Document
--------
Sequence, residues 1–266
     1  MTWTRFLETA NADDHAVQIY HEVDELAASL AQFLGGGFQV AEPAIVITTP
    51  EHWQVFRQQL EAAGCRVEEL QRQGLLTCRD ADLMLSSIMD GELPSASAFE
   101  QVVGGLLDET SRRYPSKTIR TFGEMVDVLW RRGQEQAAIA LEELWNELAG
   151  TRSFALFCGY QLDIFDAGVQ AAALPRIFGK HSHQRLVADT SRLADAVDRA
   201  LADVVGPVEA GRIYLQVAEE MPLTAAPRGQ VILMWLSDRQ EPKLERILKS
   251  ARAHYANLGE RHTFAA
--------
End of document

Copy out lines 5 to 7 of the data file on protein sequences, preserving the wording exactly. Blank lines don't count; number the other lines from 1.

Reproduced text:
   151  TRSFALFCGY QLDIFDAGVQ AAALPRIFGK HSHQRLVADT SRLADAVDRA
   201  LADVVGPVEA GRIYLQVAEE MPLTAAPRGQ VILMWLSDRQ EPKLERILKS
   251  ARAHYANLGE RHTFAA